It’s over. The Vancouver Canucks season is over.
And now the questions begin. And there will be many of them. It will be a second-guesser’s paradise. But for now we will attempt to answer just one question.
We can over-analyze every aspect of the team, but the answer is pretty simple. They simply did not score.
The team scored just 8 goals in their quick 5 game exit. They could not outscore the L.A. Kings, who were the 29th team in regular season offense. If you added up all the goals and assists scored by all of the Vancouver players in round one, the Philadelphia Flyers top two playoff scorers (Claude Giroux and Daniel Briere) would be only 1 point off.
Daniel Sedin’s concussion obviously did not help. Losing your top goal scorer for a month never helps. Brother Henrik looked lost at times without him. The Sedins came alive upon their reunification in game four, but ultimately it is the same old song every playoff in Vancouver. Shut down the Sedins, and you shut down the Canucks. It does not matter how good the Canucks goaltending may be, the Canucks do not have the secondary scoring to get the job done in the playoffs. Without the threat of secondary scoring, the other team can throw a blanket on the twins and defeat the Canucks.
Ryan Kesler, a 41 goal scorer last season, did not score a goal in his final 17 games of the 2012 season. David Booth, the much ballyhooed acquisition to increase offense, had 1 goal in his final 16 games, and none in the playoffs. The spirited Chris Higgins dried up with just 1 goal in his last 9, and 1 in 20 in the playoffs. Mason Raymond did not score in his final 11 contests, and has just 2 goals in 33 playoff games. The usually reliable Alex Burrows scored just once in the playoffs, despite increased power play time.
Perhaps the Canucks have to seriously take a look at Ryan Kesler as their second line centre. Outside of the second period of game 2, he was invisible against the Kings. He has 0 goals in his last 12 playoff games and just 2 in last 17. He has just 10 goals in 53 career playoff games, 5 of which came against Nashville last playoffs.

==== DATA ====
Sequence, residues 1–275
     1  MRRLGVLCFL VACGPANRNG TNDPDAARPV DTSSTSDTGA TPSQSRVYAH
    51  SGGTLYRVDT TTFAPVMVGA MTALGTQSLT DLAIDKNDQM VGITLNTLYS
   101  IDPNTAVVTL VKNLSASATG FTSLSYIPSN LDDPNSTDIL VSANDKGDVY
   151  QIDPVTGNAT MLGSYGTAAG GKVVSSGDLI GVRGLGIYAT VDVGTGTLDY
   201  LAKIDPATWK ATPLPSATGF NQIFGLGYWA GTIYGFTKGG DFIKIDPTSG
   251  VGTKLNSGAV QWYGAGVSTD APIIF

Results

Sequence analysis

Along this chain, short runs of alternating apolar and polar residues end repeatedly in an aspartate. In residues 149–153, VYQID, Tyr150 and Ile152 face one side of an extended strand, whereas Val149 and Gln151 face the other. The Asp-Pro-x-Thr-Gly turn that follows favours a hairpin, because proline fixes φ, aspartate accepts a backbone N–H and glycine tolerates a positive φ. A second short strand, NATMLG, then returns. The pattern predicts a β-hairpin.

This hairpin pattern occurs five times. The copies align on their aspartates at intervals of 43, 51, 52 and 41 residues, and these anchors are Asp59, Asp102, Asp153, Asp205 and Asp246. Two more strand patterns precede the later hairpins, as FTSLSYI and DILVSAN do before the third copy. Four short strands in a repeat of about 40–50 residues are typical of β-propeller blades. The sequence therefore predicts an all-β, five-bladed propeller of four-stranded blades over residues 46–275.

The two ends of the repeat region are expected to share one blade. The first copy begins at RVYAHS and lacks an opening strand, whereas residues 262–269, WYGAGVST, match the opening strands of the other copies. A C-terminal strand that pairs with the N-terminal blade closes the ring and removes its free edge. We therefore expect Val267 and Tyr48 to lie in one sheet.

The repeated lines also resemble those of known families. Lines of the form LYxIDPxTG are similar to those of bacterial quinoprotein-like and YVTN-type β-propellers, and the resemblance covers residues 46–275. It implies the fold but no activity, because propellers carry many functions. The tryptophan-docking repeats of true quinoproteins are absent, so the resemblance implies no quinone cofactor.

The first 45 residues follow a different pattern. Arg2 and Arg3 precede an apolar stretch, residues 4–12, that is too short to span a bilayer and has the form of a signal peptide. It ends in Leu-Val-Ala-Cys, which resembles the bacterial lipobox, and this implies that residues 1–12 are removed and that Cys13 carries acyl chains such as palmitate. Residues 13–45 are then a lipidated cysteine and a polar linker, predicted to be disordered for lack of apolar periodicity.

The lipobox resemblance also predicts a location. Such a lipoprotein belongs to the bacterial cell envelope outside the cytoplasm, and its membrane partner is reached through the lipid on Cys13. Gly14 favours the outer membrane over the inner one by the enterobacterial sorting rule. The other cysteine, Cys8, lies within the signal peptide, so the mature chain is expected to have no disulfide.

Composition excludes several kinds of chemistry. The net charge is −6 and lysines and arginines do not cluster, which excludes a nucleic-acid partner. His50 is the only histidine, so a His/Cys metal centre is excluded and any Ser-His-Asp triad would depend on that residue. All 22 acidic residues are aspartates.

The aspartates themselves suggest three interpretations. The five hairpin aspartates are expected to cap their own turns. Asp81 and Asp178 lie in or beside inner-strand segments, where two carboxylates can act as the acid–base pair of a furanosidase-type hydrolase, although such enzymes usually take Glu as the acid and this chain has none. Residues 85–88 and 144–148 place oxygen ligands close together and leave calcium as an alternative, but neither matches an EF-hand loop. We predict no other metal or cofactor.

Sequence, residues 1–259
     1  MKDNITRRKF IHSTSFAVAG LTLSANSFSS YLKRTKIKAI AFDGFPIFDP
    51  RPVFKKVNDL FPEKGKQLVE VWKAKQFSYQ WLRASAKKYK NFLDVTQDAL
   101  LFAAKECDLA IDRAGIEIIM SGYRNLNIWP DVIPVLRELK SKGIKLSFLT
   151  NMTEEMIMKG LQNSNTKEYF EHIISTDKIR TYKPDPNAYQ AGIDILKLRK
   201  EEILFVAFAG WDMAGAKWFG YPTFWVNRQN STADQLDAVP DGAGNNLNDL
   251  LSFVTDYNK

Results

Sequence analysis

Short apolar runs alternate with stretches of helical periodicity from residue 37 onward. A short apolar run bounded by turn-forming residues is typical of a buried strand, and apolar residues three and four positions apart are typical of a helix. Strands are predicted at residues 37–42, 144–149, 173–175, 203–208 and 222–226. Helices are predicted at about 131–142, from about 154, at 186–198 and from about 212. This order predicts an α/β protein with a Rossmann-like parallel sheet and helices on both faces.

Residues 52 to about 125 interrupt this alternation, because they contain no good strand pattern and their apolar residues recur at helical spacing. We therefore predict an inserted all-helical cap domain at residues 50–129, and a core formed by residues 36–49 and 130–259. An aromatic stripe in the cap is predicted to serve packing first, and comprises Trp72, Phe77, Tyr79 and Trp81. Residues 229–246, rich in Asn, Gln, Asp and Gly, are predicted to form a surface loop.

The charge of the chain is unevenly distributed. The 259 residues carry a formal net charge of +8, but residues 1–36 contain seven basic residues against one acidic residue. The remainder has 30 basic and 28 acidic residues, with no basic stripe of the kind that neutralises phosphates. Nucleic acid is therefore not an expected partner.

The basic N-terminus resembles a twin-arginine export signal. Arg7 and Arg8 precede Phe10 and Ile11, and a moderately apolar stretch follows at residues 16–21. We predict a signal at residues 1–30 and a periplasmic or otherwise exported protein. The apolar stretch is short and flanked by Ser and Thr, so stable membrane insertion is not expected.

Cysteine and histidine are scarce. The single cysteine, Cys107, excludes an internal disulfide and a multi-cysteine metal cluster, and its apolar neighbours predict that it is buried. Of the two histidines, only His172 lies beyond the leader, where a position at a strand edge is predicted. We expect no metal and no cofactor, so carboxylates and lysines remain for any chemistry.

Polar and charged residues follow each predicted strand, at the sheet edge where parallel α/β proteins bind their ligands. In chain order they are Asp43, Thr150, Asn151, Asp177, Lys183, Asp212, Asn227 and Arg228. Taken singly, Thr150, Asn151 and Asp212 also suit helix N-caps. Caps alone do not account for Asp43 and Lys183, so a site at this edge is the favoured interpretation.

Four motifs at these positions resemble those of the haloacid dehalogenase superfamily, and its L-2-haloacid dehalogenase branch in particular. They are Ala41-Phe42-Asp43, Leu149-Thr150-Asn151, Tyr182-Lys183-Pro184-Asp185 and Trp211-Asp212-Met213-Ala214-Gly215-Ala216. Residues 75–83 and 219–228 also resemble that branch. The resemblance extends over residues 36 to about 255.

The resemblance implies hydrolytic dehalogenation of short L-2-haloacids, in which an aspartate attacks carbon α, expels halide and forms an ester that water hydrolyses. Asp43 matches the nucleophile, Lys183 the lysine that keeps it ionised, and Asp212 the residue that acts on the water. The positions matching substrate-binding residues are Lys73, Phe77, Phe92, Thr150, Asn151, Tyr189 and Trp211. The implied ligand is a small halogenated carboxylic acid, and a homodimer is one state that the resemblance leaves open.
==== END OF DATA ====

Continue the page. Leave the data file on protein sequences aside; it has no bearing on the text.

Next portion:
The accountability has to fall to the players, but the coaching staff and management do not get a pass here either.
For some reason, the scoring all dried up in mid January. The power play disappeared. Clearly it is in part a systemic issue that the coaches had three months to fix. The power play and the zone entries became predictable yet were left unchanged. The D-pairings were erratic, when in the past they were more significant contributors to the offense. And for all the line experimentation, why it took until game 4 of the playoffs to break up the Kesler/Booth combination was baffling.
Manager Mike Gillis also needs to be called out. Every playoff the Canucks come up short on offense. Beyond that the team continues to be perceived as needing more toughness. He failed to make the appropriate remedy on either front.
So while the second guessers will be out in full force (usually with no shortage of answers) it is Mike Gillis who needs to ask the hardest questions. He also needs to answer them. Will he keep the coaching staff? How will the goaltending dilemma play itself out? Who is in, and who is out? How will a weak unrestricted free agent market and impending collective bargaining agreement hinder Gillis’ ability to do much of anything?
It promises to be a very interesting (and long) summer for the Vancouver Canucks.
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